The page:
Madison Whitesell is a recent JMU graduate with degrees in art history and studio art. She began working in Preservation as a sophomore in 2015 and spent this summer working as a wage employee. This is her JMU Libraries story.
“Madison, tell our audience a little bit about yourself and how you came to be a preservation assistant”
I’ve been interested in art conservation since high school. When I first realized that I loved art history as much as I loved making art, conservation presented itself as a way to combine the academics of art history with the hands on skills of making art. I heard there was a library preservation job available to students where you got to help repair books and I was immediately sold. I emailed Julia Merkel, Preservation Officer, and (politely) begged her to hire me.
“What are some of the major projects/highlights of your time here?”
I’ve gotten to do some of the coolest things here; things I never imagined doing when I was first hired. Just the idea of repairing books for the rest of my life was exciting but I’ve also gotten to help plan, curate, and install library exhibitions, as well as work with shows going into Duke Hall Gallery. I’ve been allowed to work with many of the objects in Special Collections, including a lot of items relating to the school’s history or the Shenandoah Valley, which means in addition to learning about collections, I’ve learned about the history of the area.
Last year, a fellow student and I processed a donation of almost three hundred artist books. That project was especially fun for us because we both took Book Arts at JMU and make our own artist books. There were the craziest books in there! Getting to handle and discover each one was a dream.
Most recently, I created custom storage mounts for the 3D objects in the Blackley Collection in Special Collections. All of the objects now fit neatly inside one artifact box.
Overall, the best part about working here is I feel like I’ve learned way more than I would have at any normal college internship, partially because of the amount of time I’ve spent here and partially because of the convergence of different skills that preservation allowed me to use.
“What was the most difficult skill to learn?
That’s a tough question. Some repairs are hard to learn because they involve lots of steps and forgetting a step can lead to problems later. I had trouble replacing endsheets when I first learned because you have to apply glue to an entire sheet of paper and then paste it down smoothly. But overall the hardest part about working in preservation is that there are so many little things you have to remember in addition to the major steps. Is the paper folded along the grain? Are you brushing glue in the right direction so as not to stretch out the paper? There’s also a lot of case-by-case problem solving. Maybe a book needs a unique combination of repairs. You always have to think a few steps ahead or you’ll make a silly mistake. I get a lot of mistakes out of the way mentally by running through each project in my head before beginning them.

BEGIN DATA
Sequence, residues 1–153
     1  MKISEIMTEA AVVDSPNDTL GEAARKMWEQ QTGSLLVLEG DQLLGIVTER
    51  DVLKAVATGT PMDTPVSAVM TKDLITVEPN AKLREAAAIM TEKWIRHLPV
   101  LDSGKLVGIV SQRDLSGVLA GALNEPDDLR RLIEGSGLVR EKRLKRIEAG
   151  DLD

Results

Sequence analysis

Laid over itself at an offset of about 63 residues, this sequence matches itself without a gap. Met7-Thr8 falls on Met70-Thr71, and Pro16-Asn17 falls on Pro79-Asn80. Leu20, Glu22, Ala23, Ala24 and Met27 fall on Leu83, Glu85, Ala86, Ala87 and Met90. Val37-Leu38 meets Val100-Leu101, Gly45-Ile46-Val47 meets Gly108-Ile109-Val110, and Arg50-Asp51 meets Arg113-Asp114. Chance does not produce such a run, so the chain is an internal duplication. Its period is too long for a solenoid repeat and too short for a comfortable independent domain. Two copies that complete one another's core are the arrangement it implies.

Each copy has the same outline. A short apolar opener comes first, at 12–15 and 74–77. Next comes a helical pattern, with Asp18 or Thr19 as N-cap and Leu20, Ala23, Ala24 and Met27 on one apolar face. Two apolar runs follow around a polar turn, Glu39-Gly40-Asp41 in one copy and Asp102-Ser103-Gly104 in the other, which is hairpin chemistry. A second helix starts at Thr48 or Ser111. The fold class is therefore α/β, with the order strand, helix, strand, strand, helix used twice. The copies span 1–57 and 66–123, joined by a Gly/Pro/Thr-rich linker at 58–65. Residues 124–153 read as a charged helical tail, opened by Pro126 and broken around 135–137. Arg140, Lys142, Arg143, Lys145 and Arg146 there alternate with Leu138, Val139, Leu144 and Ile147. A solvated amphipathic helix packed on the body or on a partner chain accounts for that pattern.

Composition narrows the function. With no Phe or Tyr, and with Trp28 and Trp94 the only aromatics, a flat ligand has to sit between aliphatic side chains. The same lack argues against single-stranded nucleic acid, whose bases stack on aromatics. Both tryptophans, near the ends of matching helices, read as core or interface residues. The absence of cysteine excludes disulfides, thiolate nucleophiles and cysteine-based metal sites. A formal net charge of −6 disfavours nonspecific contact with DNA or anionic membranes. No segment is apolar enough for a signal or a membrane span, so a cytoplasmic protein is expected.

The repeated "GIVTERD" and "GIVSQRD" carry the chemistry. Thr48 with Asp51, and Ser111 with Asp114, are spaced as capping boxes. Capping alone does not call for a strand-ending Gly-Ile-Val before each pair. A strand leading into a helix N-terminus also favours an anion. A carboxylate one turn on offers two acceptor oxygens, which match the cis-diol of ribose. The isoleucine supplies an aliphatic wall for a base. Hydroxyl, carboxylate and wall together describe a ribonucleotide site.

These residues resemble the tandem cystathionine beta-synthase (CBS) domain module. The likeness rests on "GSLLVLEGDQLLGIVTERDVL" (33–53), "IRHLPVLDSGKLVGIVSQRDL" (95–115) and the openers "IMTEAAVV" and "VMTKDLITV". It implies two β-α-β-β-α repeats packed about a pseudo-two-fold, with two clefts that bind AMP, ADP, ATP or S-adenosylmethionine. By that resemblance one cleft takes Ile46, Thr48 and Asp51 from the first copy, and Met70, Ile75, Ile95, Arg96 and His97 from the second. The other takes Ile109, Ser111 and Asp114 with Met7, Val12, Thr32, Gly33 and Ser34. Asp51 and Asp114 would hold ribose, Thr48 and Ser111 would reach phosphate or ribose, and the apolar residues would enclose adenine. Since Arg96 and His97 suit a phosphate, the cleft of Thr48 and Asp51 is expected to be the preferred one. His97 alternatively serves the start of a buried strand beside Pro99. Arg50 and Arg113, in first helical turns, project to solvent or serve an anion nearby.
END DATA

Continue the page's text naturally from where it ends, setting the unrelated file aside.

“The strangest item to come in for repair?”
In terms of repair or weirdness of the object? Recently we found loose baby teeth in a box donated to Special Collections and that was pretty alarming! In terms of damage though…we get really moldy/mildewy things in sometimes. We find dried “things” in-between the pages of books, old food…There was a peppermint stick in an old scrapbook donated to Special Collections that had completely melted into a gross, sticky mess. One of the artist books in the Carol Barton collection had a latex glove in it that had half melted, half dry-rotted between the page.
“What is the most fun or satisfying task?”
This is hard because I loved so many things for different reasons or depending on my mood. Music binding is fairly simple and so satisfying to complete. I loved penciling in the call numbers inside of the Special Collections books. My favorite book repairs were actually the longer ones, spine replacements were my favorite towards the end because there were so many methodical, little steps. Oh, and building cloth covered boxes was fun but really difficult and time consuming. A good challenge.
“What advice do you have for future students?”
Thinking everything through before you start a new repair is really important. The faster you make that a habit the better off you’ll be. Also, dedication to the work. I think it’s different than some campus jobs in that there are so many different areas you could focus on within it. You’ll learn everything but maybe you really focus on paper repair or storage mounts. This job is one of the strongest parts of my resume because I can say I learned SO many new things while working here, things I’d have never learned in a classroom.